Rhonda Fanning

Producer, The Texas Standard

Rhonda  joined KUT in late 2013 as producer for the station's new daily news program, Texas Standard. Rhonda will forever be known as the answer to the trivia question, “Who was the first full-time hire for The Texas Standard?”  She’s an Iowa native who got her start in public radio at WFSU in Tallahassee, while getting her Master's Degree in Library Science at Florida State University. Prior to joining KUT and The Texas Standard, Rhonda was a producer for Wisconsin Public Radio. 

Image via Pixabay (Public Domain)

From Texas Standard.

It’s been two days since a young gunman opened fire on a Florida high school, taking many lives and forever altering many more. As outsiders to this event, it’s probably about the time when we begin to move on. It’s harder, though, to resist the hurt for those who relate directly to the victims – parents of high schoolers in this case. And it’s harder for those who work in schools, which have so often been the target of horrific mass shootings.

Misty Hurley

From Texas Standard.

The other day, scrolling through Twitter, we came across a picture of two cannons from the Alamo laid out in the bed of a pickup truck, parked outside of a Buc-ee’s. We wondered why these cannons were on a road trip. Turns out it’s part of a restoration project being conducted by the Alamo and Texas A&M University’s Conservation Laboratory.

Pixabay Creative Commons

From Texas Standard.

For eight years, in southwest Houston, a brothel operated out of a shabby apartment complex. Locals who knew about it didn’t speak up, fearful of retribution from the gang-affiliated family that police say was running the operation.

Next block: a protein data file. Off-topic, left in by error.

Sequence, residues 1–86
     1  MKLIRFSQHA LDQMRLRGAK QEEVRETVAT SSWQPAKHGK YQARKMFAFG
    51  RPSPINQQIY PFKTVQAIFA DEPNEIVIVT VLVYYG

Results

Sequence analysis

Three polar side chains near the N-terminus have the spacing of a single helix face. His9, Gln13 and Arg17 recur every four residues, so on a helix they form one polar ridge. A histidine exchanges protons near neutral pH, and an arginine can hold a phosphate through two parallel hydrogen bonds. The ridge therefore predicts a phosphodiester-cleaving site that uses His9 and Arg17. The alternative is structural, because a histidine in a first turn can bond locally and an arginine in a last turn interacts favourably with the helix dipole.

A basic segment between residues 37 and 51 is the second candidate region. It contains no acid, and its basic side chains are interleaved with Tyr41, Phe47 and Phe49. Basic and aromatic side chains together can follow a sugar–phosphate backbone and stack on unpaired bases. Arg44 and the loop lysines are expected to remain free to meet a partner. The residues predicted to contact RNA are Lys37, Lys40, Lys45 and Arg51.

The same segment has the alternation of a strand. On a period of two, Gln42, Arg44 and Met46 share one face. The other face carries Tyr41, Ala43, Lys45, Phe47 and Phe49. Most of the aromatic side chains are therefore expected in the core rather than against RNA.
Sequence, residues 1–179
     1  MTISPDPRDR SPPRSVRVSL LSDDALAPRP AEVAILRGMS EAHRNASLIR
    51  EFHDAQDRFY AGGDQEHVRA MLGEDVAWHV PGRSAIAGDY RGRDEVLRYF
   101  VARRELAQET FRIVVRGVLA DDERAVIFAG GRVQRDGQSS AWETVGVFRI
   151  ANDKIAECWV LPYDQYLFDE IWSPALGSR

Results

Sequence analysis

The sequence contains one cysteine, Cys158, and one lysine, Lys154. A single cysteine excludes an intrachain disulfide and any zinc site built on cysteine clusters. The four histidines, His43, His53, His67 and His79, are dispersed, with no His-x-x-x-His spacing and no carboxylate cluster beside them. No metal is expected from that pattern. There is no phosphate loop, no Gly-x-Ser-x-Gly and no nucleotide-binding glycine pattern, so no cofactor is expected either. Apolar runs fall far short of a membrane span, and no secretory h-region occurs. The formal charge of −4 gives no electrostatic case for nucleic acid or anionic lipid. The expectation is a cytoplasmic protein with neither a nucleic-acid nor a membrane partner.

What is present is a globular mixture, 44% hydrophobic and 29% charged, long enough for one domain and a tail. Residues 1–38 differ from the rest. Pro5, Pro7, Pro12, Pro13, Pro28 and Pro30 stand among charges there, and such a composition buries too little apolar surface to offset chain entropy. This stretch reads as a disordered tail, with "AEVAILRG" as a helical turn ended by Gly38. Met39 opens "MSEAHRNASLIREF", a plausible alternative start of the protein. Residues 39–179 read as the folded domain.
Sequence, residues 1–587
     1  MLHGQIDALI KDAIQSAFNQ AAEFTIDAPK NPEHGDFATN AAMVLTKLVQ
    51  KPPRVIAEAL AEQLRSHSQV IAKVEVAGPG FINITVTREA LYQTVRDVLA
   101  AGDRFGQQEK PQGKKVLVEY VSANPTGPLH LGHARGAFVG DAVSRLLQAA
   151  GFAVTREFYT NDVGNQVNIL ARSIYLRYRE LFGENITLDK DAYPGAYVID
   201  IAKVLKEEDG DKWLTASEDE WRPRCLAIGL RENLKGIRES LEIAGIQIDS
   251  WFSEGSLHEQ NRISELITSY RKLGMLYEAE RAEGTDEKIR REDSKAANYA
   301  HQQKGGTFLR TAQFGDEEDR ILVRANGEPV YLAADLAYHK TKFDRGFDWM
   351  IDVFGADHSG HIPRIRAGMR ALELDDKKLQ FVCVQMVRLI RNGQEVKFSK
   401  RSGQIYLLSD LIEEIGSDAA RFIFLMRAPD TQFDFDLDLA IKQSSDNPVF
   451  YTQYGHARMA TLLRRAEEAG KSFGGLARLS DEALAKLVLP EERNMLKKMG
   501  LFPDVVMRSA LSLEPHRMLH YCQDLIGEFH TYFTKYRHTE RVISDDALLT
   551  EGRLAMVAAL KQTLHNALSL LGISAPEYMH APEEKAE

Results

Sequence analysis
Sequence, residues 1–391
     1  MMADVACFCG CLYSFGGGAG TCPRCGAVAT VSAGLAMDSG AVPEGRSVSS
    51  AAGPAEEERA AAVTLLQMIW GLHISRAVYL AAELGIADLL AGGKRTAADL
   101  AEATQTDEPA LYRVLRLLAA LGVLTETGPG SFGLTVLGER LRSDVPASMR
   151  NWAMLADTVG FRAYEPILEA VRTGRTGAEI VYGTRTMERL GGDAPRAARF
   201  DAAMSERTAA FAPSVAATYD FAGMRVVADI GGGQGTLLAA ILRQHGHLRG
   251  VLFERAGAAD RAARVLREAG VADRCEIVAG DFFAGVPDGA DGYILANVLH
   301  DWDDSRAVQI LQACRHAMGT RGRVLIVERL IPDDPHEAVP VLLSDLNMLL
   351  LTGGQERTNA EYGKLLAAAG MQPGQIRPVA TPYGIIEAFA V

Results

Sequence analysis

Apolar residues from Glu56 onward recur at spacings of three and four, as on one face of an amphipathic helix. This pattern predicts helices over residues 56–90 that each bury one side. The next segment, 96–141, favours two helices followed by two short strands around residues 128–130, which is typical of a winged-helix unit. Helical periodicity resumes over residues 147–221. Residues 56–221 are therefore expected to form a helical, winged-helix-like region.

Undocumented women and girls, some as young as 14, were beaten, drugged, and lured with promises of restaurant jobs that never materialized. The FBI taketown targeted the operations of the Southwest Cholos gang, though this operation only hints at how much of a problem human sex trafficking has become in Texas’ biggest city.

Spencer Selvidge/KUT News

From Texas Standard.

Bacon, blue jeans and beer: three commodities that many Texans take for granted are at stake as Mexico, Canada and the U.S. resume talks about the future of the North American Free Trade Agreement, or NAFTA, this week.

New York Times Reporter Ana Swanson writes that the outcome of these talks may have a more serious impact on Texans’ everyday lives than many realize.

Jorge Sanhueza-Lyon/KUT

From Texas Standard.

On Monday, the Washington Post broke the story of the now-defunct voter fraud commission purchasing Texas voter records. The story began:

“President Donald Trump’s voting commission asked every state and the District of Columbia for detailed voter registration data, but in Texas’ case it took an additional step: It asked to see Texas records that identify all voters with Hispanic surnames, newly released documents show.”

Officials from both the White House and the state of Texas say the data was never delivered, because of a lawsuit brought by Texas voting rights advocates after the request was made.